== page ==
Hope in the Epicenter of the Epidemic
On an early Tuesday morning in 1999, Thembi made the 20-mile trip from her home nestled in the rural hills of the tiny kingdom of Eswatini to the nearest health clinic to get tested for HIV. Her husband had exhibited symptoms of the disease and she was afraid she may have contracted the potentially deadly virus.
She spoke with the nurse about her risk, she sat through counseling, she even provided a sample, but she was afraid of what came next. So afraid, in fact, that she didn’t wait for the nurse to return with the results. Her fear was understandable. These were the early, dark days of HIV in Eswatini. A time where stigma and fear around the disease prevailed – even more so than it does today. Few people had access to treatment and a positive diagnosis was almost certainly a death sentence.
Once back at home, Thembi only became sicker. She began exhibiting symptoms of the virus. Then she contracted tuberculosis (TB) – a ravaging disease that often attacks those with HIV because of their weakened immune systems. In fact, TB is the number one killer of those living with HIV. Shortly after this, she developed pneumonia and became so ill she was bedridden for more than a year and a half. Then, she lapsed into a coma.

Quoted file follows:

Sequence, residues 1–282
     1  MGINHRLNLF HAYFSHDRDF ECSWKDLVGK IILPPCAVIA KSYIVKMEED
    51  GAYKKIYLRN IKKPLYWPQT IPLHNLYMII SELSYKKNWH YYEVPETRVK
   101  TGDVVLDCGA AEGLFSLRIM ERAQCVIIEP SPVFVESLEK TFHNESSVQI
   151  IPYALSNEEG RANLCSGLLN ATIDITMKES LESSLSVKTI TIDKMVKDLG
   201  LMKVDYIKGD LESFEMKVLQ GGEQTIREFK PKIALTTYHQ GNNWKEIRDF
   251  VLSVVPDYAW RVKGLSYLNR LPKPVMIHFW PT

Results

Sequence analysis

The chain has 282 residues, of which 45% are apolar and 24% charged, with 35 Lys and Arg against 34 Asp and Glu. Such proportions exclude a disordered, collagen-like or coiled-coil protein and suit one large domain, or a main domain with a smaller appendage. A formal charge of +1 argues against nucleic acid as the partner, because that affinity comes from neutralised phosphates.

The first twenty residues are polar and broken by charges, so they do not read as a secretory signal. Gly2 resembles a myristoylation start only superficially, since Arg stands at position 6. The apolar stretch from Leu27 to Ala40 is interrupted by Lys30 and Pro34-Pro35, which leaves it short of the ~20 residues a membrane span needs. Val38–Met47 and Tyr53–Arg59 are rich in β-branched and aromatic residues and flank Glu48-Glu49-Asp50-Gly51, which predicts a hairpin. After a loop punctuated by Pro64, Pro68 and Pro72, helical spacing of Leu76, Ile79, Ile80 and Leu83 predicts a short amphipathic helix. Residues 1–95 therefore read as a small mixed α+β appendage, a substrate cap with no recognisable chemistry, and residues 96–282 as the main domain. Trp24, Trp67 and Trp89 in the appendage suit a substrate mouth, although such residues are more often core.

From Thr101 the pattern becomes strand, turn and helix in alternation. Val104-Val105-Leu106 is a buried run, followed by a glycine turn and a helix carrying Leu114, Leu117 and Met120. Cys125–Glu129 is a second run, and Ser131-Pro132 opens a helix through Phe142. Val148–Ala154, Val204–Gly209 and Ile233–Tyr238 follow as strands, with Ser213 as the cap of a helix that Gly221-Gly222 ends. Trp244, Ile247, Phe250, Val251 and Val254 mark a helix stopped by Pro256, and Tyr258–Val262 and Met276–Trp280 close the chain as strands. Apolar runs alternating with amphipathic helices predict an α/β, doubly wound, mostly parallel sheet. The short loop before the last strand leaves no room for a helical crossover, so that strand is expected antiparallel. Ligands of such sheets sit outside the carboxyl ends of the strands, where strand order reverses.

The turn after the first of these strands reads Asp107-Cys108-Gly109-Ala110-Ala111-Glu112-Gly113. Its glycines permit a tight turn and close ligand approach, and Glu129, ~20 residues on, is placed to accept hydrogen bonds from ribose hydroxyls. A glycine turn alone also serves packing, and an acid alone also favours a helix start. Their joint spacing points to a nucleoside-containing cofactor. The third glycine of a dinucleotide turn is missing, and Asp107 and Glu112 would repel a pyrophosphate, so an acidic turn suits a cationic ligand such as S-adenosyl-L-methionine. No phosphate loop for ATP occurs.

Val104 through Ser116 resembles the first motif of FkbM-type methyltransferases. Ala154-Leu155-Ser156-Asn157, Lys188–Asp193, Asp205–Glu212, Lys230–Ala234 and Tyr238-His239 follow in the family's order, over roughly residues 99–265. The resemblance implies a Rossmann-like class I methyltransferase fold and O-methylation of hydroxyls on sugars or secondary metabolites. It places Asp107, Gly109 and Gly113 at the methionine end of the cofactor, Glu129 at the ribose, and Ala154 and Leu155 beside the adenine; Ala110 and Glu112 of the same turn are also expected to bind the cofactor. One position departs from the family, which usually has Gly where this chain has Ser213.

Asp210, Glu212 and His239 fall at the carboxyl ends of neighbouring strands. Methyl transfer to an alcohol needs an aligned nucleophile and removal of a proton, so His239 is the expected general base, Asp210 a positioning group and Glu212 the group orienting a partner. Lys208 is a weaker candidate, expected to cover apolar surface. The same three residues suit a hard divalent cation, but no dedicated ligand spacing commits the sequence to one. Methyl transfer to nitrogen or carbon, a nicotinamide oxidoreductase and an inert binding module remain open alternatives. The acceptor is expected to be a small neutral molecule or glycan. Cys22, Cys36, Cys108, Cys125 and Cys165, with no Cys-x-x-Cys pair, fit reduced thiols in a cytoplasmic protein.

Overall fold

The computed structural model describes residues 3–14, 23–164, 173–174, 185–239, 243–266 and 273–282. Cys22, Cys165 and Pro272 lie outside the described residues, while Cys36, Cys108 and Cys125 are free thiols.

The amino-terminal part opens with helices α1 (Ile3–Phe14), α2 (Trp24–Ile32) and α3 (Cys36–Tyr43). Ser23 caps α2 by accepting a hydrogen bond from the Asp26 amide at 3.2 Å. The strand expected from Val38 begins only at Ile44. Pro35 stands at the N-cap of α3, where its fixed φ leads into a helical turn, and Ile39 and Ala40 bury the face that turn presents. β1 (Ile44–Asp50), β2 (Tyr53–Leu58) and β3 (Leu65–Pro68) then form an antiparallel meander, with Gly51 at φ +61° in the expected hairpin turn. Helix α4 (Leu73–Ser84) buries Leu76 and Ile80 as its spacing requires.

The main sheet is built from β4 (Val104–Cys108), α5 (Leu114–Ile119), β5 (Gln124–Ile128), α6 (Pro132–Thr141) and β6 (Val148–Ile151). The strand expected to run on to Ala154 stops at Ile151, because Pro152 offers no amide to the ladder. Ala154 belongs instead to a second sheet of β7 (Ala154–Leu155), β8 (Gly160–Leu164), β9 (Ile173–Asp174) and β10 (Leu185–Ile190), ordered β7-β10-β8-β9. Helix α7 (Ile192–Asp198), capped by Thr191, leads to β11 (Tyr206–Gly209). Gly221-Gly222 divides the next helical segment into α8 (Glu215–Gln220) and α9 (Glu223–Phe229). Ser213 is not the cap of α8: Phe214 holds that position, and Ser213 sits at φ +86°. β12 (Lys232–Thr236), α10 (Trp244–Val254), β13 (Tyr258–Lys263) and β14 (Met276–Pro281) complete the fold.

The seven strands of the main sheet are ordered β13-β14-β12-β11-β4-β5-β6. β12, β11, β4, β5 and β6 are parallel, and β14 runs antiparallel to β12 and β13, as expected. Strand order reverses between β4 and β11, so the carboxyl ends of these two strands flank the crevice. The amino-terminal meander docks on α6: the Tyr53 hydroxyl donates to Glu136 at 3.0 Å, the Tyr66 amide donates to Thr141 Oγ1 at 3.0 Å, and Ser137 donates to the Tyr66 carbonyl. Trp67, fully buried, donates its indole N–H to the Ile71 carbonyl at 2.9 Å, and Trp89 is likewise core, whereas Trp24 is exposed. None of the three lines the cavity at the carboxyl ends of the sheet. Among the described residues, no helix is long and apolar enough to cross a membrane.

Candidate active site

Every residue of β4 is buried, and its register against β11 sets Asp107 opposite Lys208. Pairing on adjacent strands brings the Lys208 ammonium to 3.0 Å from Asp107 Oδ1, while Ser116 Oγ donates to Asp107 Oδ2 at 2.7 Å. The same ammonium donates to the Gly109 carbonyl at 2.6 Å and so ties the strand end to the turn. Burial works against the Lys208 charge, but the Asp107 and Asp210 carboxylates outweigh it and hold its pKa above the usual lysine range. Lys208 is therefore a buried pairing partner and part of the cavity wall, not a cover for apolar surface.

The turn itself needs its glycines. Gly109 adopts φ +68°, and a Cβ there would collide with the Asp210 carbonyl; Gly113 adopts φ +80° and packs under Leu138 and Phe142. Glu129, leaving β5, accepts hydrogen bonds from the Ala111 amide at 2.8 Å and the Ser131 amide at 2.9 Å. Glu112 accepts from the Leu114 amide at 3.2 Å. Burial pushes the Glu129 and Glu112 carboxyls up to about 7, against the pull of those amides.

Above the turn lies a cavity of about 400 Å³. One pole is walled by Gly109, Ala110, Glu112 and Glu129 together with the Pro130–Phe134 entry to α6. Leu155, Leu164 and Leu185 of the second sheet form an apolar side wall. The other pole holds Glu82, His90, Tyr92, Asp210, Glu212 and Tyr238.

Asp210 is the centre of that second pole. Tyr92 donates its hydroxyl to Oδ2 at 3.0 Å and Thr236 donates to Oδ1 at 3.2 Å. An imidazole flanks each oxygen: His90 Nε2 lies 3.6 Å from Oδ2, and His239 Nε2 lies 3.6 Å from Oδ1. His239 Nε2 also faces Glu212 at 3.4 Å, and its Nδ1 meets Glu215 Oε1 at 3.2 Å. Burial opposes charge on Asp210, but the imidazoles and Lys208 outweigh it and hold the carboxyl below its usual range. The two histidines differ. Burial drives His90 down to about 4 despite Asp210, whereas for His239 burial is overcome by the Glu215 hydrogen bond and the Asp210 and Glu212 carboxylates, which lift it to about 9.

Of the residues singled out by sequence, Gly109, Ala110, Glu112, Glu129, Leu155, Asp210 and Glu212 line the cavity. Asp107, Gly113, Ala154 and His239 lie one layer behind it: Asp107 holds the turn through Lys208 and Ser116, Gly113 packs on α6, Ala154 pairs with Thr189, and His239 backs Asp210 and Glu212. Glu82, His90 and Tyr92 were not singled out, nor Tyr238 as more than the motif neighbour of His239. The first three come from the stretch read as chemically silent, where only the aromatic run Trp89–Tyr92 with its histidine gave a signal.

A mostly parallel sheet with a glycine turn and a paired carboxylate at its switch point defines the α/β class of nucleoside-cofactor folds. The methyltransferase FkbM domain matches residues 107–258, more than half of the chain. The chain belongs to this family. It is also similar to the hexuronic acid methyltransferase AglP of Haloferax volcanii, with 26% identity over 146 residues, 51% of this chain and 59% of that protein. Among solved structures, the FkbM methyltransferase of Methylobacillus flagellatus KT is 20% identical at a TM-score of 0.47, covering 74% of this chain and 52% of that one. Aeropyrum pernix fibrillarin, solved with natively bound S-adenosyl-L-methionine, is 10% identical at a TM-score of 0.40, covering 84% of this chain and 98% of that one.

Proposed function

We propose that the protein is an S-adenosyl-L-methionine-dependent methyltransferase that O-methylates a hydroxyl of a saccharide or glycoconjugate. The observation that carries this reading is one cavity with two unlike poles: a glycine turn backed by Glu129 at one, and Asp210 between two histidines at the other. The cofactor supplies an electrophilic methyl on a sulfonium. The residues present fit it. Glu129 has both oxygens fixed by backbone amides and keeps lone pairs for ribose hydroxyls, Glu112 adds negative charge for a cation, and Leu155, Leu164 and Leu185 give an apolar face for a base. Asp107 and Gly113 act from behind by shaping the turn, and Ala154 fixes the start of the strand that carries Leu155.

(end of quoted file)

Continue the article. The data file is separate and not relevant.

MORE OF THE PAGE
Her family, her doctors, they all believed she would never recover. But after two weeks, miraculously, she woke up from the coma, and learned the hard news: she was, indeed HIV positive. By this time, she was determined to fight.
“For those two weeks, I was like a dead person,” she recalls, “but when I came back from the coma I realized, yes, I want to live.”
She began HIV antiretroviral treatment – a daily cocktail of three separate drugs – and slowly her health and her strength returned.
Today, more than 20 years since her diagnosis, Thembi is healthy, with no detectable virus in her body. She is also the mother of two boys, both of whom are HIV-free.
Today, she is a powerhouse of a woman, with a contagious laugh and a 100-watt smile who doles out generous hugs to strangers and family alike. She often marvels at her own transformation and breaks into dance without provocation – as if each moment is a celebration of life.
Not only is she thriving but she also now serves as an expert client in her community — helping others deal with this potentially deadly virus – and serving as a model in her community on how to beat HIV.